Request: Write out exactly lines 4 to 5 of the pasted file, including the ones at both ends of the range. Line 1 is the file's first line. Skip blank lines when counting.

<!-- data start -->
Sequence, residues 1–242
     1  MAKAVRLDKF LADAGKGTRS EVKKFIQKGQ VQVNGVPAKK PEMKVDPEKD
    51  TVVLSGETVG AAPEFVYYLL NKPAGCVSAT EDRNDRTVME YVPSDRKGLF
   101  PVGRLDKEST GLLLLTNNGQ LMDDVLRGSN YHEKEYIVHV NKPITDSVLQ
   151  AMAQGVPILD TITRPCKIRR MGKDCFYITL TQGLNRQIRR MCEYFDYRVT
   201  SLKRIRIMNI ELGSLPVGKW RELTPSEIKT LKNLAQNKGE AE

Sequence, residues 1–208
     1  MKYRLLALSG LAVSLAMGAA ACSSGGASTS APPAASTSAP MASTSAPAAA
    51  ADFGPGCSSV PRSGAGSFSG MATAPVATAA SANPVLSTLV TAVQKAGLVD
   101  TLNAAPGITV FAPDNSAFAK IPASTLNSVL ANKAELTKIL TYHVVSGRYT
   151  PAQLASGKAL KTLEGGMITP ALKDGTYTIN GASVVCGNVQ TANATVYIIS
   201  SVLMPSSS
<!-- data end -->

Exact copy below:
   101  PVGRLDKEST GLLLLTNNGQ LMDDVLRGSN YHEKEYIVHV NKPITDSVLQ
   151  AMAQGVPILD TITRPCKIRR MGKDCFYITL TQGLNRQIRR MCEYFDYRVT